The first wall was made of brick and sits on a 2 meter foundation of stone. It stood at a height of around 8 or 9 meters, with a width of 2.2 meters. About 50-60 meters distance from each other, towers built for defensive purposes rise 2-3 meters above the wall. The remains of the first wall were then replaced by a new second wall in during the 4th century. The construction of this second wall utilized an ancient Roman building technique called “opus mixtum”, with 4 rows alternating between brick and stone. The new walls follow the form of the original, with the addition of stairs which enhance the thickness of the walls. In some places there were also added side exits called posterns.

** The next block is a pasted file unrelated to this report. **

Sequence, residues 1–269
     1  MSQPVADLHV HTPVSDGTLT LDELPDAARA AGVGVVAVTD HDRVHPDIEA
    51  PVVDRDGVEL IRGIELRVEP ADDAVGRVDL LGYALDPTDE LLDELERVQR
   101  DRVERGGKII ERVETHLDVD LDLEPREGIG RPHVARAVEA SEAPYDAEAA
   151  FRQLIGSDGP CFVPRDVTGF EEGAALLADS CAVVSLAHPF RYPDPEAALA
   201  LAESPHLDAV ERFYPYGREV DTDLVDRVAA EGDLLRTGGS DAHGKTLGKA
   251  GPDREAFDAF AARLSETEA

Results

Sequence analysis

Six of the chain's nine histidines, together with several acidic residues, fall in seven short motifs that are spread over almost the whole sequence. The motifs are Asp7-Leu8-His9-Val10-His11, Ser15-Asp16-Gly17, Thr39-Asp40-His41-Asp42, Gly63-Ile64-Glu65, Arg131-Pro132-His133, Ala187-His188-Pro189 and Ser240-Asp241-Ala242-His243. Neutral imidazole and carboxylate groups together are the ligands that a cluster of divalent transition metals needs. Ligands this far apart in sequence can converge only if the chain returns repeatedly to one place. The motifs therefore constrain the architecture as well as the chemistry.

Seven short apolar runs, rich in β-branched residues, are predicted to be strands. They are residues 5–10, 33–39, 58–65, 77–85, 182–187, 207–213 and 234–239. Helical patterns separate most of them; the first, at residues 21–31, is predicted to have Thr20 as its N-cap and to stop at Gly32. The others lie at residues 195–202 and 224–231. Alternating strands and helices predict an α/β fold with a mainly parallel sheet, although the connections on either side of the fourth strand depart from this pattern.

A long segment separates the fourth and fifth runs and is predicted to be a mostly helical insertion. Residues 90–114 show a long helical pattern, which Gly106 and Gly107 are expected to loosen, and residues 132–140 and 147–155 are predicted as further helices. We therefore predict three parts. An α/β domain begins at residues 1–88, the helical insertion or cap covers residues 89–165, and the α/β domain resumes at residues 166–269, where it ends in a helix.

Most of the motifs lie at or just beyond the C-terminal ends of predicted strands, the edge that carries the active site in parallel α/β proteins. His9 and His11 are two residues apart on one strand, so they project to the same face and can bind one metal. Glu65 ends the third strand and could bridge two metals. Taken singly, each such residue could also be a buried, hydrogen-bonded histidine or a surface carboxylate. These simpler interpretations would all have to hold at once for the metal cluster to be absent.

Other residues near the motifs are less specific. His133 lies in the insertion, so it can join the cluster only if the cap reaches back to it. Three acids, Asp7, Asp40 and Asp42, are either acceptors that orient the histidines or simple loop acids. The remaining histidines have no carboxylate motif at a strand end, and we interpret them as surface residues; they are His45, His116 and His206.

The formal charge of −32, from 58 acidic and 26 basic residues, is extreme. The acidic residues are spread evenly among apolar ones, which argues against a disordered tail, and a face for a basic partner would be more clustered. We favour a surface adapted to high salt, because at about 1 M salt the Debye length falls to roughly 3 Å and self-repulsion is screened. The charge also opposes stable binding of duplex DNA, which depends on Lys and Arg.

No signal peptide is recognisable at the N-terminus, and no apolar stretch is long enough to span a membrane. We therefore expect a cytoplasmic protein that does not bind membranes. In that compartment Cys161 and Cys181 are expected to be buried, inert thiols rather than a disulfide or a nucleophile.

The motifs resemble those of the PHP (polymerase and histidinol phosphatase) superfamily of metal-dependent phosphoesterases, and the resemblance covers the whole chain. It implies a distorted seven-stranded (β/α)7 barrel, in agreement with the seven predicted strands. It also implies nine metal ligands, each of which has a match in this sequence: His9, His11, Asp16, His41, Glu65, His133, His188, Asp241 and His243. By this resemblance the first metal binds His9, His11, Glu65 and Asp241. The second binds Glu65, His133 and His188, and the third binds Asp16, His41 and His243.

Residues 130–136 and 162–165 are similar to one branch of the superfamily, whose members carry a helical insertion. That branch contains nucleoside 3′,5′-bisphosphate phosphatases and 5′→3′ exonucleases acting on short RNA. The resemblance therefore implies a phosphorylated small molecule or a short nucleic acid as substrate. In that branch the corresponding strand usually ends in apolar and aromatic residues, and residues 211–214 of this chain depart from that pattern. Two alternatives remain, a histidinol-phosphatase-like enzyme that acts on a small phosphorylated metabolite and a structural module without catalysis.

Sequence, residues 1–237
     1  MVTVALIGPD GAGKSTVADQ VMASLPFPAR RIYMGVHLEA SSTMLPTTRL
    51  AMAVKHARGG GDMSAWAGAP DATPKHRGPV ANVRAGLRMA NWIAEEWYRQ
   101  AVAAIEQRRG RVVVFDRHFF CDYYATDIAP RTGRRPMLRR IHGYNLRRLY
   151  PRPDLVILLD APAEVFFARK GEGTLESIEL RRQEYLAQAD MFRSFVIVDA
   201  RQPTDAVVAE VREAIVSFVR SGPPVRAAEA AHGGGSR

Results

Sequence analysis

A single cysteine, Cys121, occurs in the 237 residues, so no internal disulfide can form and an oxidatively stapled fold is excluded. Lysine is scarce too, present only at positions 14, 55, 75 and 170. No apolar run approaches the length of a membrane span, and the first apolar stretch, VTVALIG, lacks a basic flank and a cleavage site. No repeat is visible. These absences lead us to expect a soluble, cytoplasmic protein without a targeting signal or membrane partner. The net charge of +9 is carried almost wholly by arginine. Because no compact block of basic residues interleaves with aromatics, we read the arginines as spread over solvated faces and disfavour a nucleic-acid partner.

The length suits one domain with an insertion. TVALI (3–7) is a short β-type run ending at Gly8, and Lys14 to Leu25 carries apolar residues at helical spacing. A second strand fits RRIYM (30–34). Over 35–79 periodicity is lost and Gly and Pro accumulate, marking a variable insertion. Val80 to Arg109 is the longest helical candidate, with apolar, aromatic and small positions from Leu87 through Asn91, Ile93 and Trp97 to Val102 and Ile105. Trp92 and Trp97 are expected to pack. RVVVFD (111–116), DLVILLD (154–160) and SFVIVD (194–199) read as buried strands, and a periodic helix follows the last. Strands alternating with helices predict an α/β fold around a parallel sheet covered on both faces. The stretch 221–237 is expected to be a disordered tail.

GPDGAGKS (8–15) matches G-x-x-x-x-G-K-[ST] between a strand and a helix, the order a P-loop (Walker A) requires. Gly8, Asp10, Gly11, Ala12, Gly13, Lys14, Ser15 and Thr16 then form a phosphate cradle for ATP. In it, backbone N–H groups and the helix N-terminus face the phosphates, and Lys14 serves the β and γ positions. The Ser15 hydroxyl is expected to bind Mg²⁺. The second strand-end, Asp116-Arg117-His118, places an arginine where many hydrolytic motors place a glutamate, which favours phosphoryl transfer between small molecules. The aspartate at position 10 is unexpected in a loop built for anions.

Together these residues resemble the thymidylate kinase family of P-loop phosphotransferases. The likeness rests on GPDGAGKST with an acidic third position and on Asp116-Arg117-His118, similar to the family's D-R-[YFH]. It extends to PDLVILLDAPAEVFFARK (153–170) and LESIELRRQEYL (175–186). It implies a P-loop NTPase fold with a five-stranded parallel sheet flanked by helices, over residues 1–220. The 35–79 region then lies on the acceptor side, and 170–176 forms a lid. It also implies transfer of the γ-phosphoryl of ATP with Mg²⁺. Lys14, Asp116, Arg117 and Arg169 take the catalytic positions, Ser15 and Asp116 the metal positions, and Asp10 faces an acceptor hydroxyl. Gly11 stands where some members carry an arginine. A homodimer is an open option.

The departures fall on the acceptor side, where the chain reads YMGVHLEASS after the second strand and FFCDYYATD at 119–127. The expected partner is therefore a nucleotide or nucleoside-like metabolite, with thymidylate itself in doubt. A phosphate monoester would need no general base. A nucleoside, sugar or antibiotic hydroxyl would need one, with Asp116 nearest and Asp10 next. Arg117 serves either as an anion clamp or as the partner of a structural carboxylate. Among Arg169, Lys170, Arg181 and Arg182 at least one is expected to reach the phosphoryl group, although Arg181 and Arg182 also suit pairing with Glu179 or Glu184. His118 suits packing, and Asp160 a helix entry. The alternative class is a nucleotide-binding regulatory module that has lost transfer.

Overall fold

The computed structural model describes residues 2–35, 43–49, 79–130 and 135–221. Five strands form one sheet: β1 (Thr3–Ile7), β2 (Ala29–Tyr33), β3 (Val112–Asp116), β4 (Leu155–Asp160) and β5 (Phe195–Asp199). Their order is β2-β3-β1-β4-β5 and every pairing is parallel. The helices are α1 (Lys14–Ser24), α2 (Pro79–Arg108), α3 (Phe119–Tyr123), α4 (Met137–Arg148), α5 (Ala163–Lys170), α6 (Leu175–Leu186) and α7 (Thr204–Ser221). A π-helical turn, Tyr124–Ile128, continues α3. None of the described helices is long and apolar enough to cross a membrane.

During the reign of Emperor Justinian (527-566), construction of the existing wall was set in motion. This wall was surrounded with yet another barrier with a width of 1.8 meters. New triangular towers were placed between the existing ones. These triangular towers were located near the three main pentagonal entrances. Around this was built a third wall 2 meters thick with a distance of 20m from the main rampart.
Part of this wall, which was situated on the eastern border of the ancient city, was discovered under Alexander Dondukov Boulevard. They were found under the Presidential office and the Ministry building. Some reconstruction work was carried out in 1997-1999 in order to allow visitors to see the fragments of the past that are buried underneath the capital.